A former BNP Paribas SA trader caught up in allegations of bullying sued the bank for unfair dismissal, saying he was pushed out after disclosing wrongdoing on the trading floor
A former BNP Paribas SA trader caught up in allegations of bullying sued the bank for unfair dismissal, saying he was pushed out after disclosing wrongdoing on the trading floor.
Xavier Dehais, who worked as a U.K. sovereign bond trader until last year, said the bank painted an unfair picture of him as someone with whom it was impossible to work. Dehais, who worked for BNP for almost eight years, said in a statement at a London Court Tuesday that he disclosed at least five instances of unauthorized trades and inflated books.
"In an effort to deflect from their own wrongdoing, they made specious allegations against me that I had harassed them and generally besmirched my character," Dehais told a London employment tribunal.
Bankers routinely turn to specialist labor courts throughout Europe to rehabilitate tarnished reputations and recoup lost bonuses. Dehais said that the bank had notified the U.K. financial watchdog following his dismissal, effectively ending his career.
"The employees involved in the various instances of whistle-blowing I made, who engaged in, and in likelihood are still engaging in, what I consider to be corporate malfeasance, are still employed," Dehais said.
BNP said in a statement that Dehais’ claims were investigated and “no misconduct was identified.”
“We have a robust whistle-blowing procedure which is also underlined in our code of conduct,” the Paris-based bank said.
The former trader is seeking 700,000 pounds ($933,000) in the lawsuit. Whistle-blowing claims are key parts of U.K. employment cases because they allow workers to sue for more than the standard 84,000-pound limit in unfair dismissal claims.
The main dispute centers on an incident with the European government bonds sales team. Dehais and a sales executive commenced rival grievance proceedings against each other, with Dehais saying that his rival manually inflated his credit on two deals by about 70,000 euros ($82,450). The executive, meanwhile, filed his own internal complaint, alleging bullying and harassment.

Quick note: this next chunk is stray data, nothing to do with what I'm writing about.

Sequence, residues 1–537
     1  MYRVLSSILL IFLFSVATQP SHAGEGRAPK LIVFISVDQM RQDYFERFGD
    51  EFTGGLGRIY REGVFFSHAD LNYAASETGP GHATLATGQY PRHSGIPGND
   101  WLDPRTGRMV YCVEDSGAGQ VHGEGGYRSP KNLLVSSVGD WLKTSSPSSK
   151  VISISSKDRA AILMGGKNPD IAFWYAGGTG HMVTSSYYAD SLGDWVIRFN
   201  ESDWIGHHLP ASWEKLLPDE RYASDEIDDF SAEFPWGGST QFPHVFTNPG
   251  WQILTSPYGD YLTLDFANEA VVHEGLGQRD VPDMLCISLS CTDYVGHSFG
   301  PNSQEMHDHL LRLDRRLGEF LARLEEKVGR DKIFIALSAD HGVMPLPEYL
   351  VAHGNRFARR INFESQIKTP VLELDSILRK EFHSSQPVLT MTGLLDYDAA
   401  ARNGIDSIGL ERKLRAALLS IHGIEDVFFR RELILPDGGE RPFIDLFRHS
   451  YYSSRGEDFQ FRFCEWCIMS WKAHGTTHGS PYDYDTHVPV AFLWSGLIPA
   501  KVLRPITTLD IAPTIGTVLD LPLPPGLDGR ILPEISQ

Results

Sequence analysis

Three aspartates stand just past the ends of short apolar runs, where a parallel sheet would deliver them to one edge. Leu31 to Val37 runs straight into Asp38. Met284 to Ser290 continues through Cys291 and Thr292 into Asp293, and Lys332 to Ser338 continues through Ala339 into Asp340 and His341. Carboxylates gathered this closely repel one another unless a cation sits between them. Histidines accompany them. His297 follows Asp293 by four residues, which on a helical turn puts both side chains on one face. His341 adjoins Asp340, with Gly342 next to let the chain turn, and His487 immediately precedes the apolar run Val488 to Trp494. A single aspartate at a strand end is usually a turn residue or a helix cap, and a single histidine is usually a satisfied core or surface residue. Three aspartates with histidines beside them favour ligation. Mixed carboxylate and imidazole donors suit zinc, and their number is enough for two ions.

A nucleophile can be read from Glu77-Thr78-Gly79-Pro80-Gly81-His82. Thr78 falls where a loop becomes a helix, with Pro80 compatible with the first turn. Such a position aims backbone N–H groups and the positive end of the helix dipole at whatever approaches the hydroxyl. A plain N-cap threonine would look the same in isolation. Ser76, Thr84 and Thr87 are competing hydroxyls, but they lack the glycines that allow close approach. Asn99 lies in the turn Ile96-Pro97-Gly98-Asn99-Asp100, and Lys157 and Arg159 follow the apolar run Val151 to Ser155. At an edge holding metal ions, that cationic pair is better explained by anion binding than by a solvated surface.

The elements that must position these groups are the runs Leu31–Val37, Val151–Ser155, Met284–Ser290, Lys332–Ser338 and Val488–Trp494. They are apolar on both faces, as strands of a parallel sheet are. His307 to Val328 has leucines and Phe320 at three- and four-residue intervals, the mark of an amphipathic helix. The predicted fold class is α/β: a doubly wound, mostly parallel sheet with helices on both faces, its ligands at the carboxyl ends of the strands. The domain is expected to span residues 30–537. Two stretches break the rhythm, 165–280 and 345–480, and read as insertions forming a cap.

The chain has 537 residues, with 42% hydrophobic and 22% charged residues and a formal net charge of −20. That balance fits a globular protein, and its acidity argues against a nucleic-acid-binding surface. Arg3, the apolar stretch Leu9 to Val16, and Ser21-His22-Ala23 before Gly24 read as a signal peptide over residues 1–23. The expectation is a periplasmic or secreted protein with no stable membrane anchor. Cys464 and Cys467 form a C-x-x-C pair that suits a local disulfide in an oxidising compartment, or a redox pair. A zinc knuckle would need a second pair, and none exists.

"His letter explained that he refused to come back to the bank as long as it meant having to work with me," Dehais said in his witness statement.
In an earlier exchange, Dehais told the sales executive "he was going to make my life a misery," according to emails read out in court.
Ceri Lawrence, the employee relations adviser who handled the grievance process, said the sales executive "broke down in tears" when describing his exchanges with Dehais.
"Xavier’s conduct towards him had resulted in him dreading attending work and had affected his sleep and his personal life," Lawrence told the court Wednesday.
Dehais said that he had seen “much worse” on the trading floor where people were “breaking keyboards and mice.”
“You have to take a lot of decisions very quickly with a lot of money. People are nervous,” he said. “Some schoolyard discussion has been transformed into bullying and harassment."
Sheila Aly, Dehais’ lawyer said the bank’s disciplinary procedure was "careless."
"The process was as fair as we could make it for him," Lawrence said.
The bust up with the sales executive wasn’t the first time Dehais’ conduct led to an investigation. He said that he had been previously cleared by the bank of making an inappropriate gesture in front of a female graduate employee.
BNP has faced a number of recent employment cases across Europe. Earlier this month, Paris employment courts required the bank to pay more than 350,000 euros to its former global head of FX arbitrage after the bank demoted him and 812,500 euros to the former head of structured finance in the bank’s Geneva office in a separate case.
"The treatment I have received throughout this matter only succeeds in proving that even in the current climate with demands for increased banking transparency and accountability, it is not safe to report any wrongdoing at BNP Paribas," Dehais said.
(A previous version of this story was corrected to fix the last name of a witness for the bank.)